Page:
An extensive field system, arguably the oldest in the world, consisted of small divisions separated by dry-stone walls. The fields were farmed for several centuries between 3500 BC and 3000 BC. Wheat and barley were the principal crops; the Bronze Age – defined by the use of metal – began around 2500 BC, with technology changing people's everyday lives during this period through innovations such as the wheel. According to John T. Koch and others, Ireland in the Late Bronze Age was part of a maritime trading-network culture called the Atlantic Bronze Age that included Britain, western France and Iberia, that this is where Celtic languages developed; this contrasts with the traditional view that their origin lies in mainland Europe with the Hallstatt culture. During the Iron Age, a Celtic language and culture emerged in Ireland. How and when the island became Celtic has been debated for close to a century, with the migrations of the Celts being one of the more enduring themes of archaeological and linguistic studies.
The most recent genetic research s
Muhammad was the founder of Islam. According to Islamic doctrine, he was a prophet, sent to present and confirm the monotheistic teachings preached by Adam, Moses and other prophets, he is viewed as the final prophet of God in all the main branches of Islam, though some modern denominations diverge from this belief. Muhammad united Arabia into a single Muslim polity, with the Quran as well as his teachings and practices forming the basis of Islamic religious belief. Born 570 CE in the Arabian city of Mecca, Muhammad was orphaned at the age of six, he was raised under the care of his paternal grandfather Abd al-Muttalib, upon his death, by his uncle Abu Talib. In years he would periodically seclude himself in a mountain cave named Hira for several nights of prayer; when he was 40, Muhammad reported being visited by Gabriel in the cave, receiving his first revelation from God. Three years in 610, Muhammad started preaching these revelations publicly, proclaiming that "God is One", that complete "submission" to God is the right way of life, that he was a prophet and messenger of God, similar to the other prophets in Islam.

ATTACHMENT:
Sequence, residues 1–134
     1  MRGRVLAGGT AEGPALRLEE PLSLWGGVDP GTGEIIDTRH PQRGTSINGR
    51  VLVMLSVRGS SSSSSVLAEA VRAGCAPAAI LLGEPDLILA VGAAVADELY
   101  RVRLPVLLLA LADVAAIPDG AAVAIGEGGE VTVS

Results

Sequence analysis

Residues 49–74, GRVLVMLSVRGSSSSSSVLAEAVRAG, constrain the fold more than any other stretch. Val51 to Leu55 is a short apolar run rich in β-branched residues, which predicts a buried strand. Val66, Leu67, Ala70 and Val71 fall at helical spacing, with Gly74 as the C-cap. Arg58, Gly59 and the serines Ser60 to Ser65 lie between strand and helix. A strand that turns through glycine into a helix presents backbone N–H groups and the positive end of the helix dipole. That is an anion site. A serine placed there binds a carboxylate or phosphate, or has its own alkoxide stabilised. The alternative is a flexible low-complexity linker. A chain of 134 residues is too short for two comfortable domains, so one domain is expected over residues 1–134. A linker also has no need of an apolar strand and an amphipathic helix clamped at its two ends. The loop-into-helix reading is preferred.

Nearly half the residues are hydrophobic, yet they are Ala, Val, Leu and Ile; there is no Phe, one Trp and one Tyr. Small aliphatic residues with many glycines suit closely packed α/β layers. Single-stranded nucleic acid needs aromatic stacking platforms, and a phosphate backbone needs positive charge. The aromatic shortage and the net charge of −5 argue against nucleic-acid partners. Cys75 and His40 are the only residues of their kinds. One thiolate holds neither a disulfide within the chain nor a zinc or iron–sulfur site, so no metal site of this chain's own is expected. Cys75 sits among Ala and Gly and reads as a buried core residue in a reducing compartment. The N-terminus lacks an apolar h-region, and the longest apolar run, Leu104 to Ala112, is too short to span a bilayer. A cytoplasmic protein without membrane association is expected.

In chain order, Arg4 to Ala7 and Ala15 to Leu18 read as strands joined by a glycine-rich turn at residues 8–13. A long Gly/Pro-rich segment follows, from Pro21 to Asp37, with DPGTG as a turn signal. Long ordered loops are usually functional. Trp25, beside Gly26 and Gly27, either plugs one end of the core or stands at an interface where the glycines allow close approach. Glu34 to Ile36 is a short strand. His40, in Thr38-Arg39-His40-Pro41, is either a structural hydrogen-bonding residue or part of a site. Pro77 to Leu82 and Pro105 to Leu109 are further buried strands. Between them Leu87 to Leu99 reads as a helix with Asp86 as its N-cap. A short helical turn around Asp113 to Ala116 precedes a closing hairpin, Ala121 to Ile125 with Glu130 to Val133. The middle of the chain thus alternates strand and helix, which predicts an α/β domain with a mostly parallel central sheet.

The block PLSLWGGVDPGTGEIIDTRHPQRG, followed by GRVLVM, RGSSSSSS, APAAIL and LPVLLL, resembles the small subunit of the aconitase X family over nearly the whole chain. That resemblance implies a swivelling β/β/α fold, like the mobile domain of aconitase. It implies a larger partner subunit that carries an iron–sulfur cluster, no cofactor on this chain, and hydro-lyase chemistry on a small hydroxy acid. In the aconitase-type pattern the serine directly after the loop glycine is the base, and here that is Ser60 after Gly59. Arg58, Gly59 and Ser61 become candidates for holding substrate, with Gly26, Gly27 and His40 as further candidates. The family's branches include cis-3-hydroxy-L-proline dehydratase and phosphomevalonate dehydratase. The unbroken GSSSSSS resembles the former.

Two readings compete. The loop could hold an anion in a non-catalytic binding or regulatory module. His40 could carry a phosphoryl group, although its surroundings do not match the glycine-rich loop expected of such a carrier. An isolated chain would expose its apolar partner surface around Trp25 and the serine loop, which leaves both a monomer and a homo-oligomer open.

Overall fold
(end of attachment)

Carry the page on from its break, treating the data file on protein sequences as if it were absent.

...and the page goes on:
The followers of Muhammad were few in number, experienced hostility from Meccan polytheists. He sent some of his followers to Abyssinia in 615 to shield them from prosecution, before he and his followers migrated from Mecca to Medina in 622; this event, the Hijra, marks the beginning of the Islamic calendar known as the Hijri Calendar. In Medina, Muhammad united the tribes under the Constitution of Medina. In December 629, after eight years of intermittent fighting with Meccan tribes, Muhammad gathered an army of 10,000 Muslim converts and marched on the city of Mecca; the conquest went uncontested and Muhammad seized the city with little bloodshed. In 632, a few months after returning from the Farewell Pilgrimage, he died. By the time of his death, most of the Arabian Peninsula had converted to Islam; the revelations, which Muhammad reported receiving until his death, form the verses of the Quran, regarded by Muslims as the verbatim "Word of God" and around which the religion is based. Besides the Quran, Muhammad's teachings and practices, found in the Hadith and sira literature, are upheld and used as sources of Islamic law.